Tuesday, May 28, 2013

Front yard vegetable garden

As recently as one year ago, this blog post title would have been even more incendiary than my recent political commentary.  It has amazed me just how quickly Americans have about-faced their historical horror and begun embracing the idea of growing crops in the front yards of their urban and suburban homes.  What had been radical is now not even new, and the only bleeding edge I can lay claim to is the finger that I cut pulling weeds this morning.
I kid you not - there's even a book explaining how to work your munchie magic amongst driveway, car, front walkway, and foundation beds.

Downsampled screengrab from Amazon featuring the cover of "The Edible Front Yard" by Ivette Soler (aka The Germinatrix on Twitter).   
I had been planning to start growing edibles in my front yard for years, but the time and effort required to develop my back yard made me slow out of the blocks on this one.  Even now that I'm non-radical, I thought I'd show you the very beginnings of how this front yard crop-raising trend can be made to work in greater Houston, because we have our own special set of challenges here.
Here's Phase 1 of our front food foray.  I will do a separate step-by-step post on the construction of this thing, but from the outline in the grass sod, you can get a first feel for the finessing of it.  This location originally had a standard builder-installed curved foundation planting bed ("mulch bed") constructed on grade, which is strongly sloped here for lot drainage.  We tore out that bed and installed the rectilinear stacked stone garden you see above. We had to infill the previously-curved bed footprint with grass sod patches which will grow to become fully blended with the main lawn in a few more weeks. 

The main feature that distinguishes this kind of approach from a typical raised bed is that this is installed on the level rather than following the lot grade.  Leveling the stone allows for successful stacking and makes the right-hand edge of the bed appear to "dive into" the earth, because that part of the lawn is at higher elevation.  It becomes a semi-isolated garden into which specialized soils can then be placed. 
It doesn't look much like a vegetable garden, does it?  I am in full agreement with Outlaw Garden's "Ten rules for growing vegetables in the front yard".  Many of those rules pertain to esthetics.  The front-yard vegetable gardeners who have made national and international news for fighting with their HOA or municipal authorities (sometimes to the point of being threatened with incarceration) usually were the ones who made the mistake of making their gardens look less sophisticated than they arguably ought to have been.  People don't generally argue with attractive property investments, even when they're unconventional.  A few of my neighbors asked how much this Phase 1 creation cost us.  I replied, "It cost a friggin' fortune because that rare stone you see there had to be transported from Oklahoma." And then I quote them the cost figure and they reply, "Oh, that was worth it - I would pay that much."  (More on the cost issues in a later post when I talk about the build specs).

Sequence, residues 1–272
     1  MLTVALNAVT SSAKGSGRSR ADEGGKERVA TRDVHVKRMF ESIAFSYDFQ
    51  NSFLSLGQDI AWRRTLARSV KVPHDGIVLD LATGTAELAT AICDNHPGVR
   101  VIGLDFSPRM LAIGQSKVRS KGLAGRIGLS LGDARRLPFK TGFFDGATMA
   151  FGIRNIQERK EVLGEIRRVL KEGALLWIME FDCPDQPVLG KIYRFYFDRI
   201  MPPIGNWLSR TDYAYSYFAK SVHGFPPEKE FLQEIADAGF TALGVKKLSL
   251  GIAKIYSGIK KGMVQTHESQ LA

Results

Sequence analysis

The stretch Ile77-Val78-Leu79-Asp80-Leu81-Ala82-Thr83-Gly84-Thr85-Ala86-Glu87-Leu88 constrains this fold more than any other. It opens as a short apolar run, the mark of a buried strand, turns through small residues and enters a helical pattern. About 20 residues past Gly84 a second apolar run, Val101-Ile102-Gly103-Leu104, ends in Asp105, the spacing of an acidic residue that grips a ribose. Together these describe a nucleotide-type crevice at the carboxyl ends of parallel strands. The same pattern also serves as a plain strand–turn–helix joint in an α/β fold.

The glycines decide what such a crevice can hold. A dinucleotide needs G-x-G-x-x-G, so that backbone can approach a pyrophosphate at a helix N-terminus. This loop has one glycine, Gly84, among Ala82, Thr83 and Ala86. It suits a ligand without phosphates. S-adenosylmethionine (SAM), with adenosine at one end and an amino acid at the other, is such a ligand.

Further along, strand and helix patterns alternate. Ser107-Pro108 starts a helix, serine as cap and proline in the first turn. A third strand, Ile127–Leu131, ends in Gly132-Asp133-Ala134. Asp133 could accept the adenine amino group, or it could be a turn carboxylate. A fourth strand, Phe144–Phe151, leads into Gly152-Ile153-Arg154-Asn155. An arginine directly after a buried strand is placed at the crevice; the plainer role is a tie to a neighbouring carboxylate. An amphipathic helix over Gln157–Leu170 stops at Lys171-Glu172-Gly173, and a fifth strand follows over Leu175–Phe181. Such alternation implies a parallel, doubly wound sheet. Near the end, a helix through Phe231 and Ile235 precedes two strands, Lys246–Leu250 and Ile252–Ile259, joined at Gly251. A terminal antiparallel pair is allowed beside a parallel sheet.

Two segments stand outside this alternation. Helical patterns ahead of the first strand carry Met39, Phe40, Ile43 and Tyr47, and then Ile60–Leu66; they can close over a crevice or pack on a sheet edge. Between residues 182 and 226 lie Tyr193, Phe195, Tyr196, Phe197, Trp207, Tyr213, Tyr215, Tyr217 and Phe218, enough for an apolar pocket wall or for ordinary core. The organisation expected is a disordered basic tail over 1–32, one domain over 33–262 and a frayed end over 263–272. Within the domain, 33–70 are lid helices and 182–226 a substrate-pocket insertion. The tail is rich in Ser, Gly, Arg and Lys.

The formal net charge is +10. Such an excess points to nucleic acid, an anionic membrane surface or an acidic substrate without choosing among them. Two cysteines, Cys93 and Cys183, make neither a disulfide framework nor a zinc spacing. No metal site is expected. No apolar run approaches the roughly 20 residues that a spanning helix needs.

As Outlaw Garden notes, one of the golden rules of front-yard vegetable gardening is to include ornamentals.  That makes the thing look less utilitarian and more decorative.
Lantana from Maas Nursery.  The poor thing lived three years in a pot before this location was finally ready to receive it. 
I forget the name, but I really like this plant.  It flowers almost continually.  I got it from Faith's Garden Shed Naturally about two years ago and it, too, lived in a pot until I could get it transplanted here. 
No matter how small the budget for a front-yard garden, everyone can afford marigolds.  This hardy annual can generally be bought at big-box home improvement stores for less than one dollar per plant. 
So with the larger lantana and the what's-his-name ornamentals anchoring both ends of the garden and the smaller marigolds interspersed for good measure, here are the edibles that I'm starting off with:
African blue basil. We do eat it, but it will also make stunning flowers when it gets larger. 
Sweet basil in the purple variety (it probably has a variant name but I can't recall it), which doesn't stand out very well against the similarly-colored mulch.  We eat basil by the fistful. 
Lavender.  Love the smell, even if I'm not inclined to eat it (some people are). 
Sweet potatoes.  Suburbanites sometimes use these as ornamentals, either as ground cover or as climbing vines, and often don't even bother to harvest the potatoes. 
Crookneck squash.  If it grows to be as large as the one in our back yard, I'll have a management issue on my hands.  But I'll also have more calabaza con puerco.   
Cowpeas (black-eyed peas).  I haven't grown these before, so this is an experimental year for these. 
So there you have a glimpse of Phase 1.  More to follow in future posts. 
It's not as easy as it looks, I'm afraid, nor is it as inexpensive as I'd like to be.  But according to my neighbors, it was well worth it. 

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